Noel Whelan missing the point on Dáil privilege


Sir, – The attempt by Noel Whelan to portray points made by me as “using Dáil privilege in [my] own interest” (Opinion, October 27th) manages to miss – or misrepresent – the entire matter.

Despite your columnist’s assertions, I have not made any comment about the details of my case before Naas District Court, namely one of driving at a speed of 59km in a 50km zone.

That matter is under appeal and any public comment would be wholly inappropriate.

Instead, during a Dáil discussion on judicial appointments, I used my personal experience to show that when judges behave in an irrational and inconsistent manner, this has serious consequences for citizens and the State.

I was not hiding behind any “wall of parliamentary privilege”. I have no hesitation in repeating every point I made in the Dáil outside the Dáil. They are matters of fact, which occurred in open court.

I pointed out that I had been present in court for the case, which was not scheduled for a hearing; that I had seen the judge deal with similar cases where other defendants were not present or represented; and that being number 188 – the last case on the court list – I decided to return to the Dáil and employed a solicitor to act on my behalf. Later that day the judge, having reached case number 175, requested that my case be called. He then spent considerable time telling the court of my disrespect and issued a bench warrant because of my “non-attendance”.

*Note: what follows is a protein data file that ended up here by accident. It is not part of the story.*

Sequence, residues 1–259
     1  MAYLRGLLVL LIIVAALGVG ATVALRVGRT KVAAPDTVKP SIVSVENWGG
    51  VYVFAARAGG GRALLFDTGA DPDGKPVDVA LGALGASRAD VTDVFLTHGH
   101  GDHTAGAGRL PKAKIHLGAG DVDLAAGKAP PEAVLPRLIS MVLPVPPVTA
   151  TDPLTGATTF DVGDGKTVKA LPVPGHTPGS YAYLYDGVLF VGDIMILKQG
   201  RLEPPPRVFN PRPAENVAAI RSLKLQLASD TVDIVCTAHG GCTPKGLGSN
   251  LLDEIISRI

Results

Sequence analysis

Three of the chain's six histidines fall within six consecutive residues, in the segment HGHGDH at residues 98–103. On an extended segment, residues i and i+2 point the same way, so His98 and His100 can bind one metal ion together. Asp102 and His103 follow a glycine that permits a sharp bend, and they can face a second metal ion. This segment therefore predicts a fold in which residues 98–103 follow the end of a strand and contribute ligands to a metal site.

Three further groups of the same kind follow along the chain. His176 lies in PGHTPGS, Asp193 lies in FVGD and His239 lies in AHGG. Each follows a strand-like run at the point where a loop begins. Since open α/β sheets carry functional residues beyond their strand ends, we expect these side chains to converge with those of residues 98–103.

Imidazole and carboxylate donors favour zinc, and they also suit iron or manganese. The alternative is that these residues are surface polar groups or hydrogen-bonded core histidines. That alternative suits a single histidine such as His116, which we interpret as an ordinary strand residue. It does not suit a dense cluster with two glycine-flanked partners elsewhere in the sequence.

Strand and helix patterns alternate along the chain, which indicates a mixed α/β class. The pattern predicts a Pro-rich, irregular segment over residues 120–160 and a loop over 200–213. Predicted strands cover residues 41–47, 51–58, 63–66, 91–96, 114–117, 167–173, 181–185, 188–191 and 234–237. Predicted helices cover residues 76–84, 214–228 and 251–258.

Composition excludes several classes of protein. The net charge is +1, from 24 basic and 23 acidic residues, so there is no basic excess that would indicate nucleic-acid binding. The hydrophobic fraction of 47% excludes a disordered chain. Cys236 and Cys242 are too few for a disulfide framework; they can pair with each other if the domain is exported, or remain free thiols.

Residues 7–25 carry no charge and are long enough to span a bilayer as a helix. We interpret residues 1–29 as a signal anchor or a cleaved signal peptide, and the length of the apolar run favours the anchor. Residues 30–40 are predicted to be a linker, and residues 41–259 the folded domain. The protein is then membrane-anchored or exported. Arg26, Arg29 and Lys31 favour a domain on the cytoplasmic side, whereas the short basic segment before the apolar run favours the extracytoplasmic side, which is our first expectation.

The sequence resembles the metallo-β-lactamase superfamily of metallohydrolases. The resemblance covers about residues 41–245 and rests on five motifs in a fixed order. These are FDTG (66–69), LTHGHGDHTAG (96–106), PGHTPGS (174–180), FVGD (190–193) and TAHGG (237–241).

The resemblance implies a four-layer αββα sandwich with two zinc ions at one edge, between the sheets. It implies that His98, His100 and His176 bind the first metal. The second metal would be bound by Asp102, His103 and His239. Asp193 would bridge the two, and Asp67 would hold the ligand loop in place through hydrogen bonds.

Mr Whelan says “like every citizen”, I have “the right to challenge it”. Of course he knows that in these matters the judge has “discretion” so a legal challenge would be very unlikely to succeed, which is exactly the gap in oversight that I was highlighting.

There is no remedy or penalty in cases where judges exercise their discretion disproportionately or conduct themselves poorly.

There is an urgent need for a Judicial Council to deal with complaints and fitness to practice concerns.

This is a matter of public importance. This was not about me. Vacating the bench warrant tied up Garda resources; jumping the list to deal with my “disrespect” meant that the cases next in line, including cases of domestic violence where women needed the court’s help, were not dealt with on that day.

Radical reform of this area is long overdue.

– Yours, etc,


Leinster House,

Dublin 2.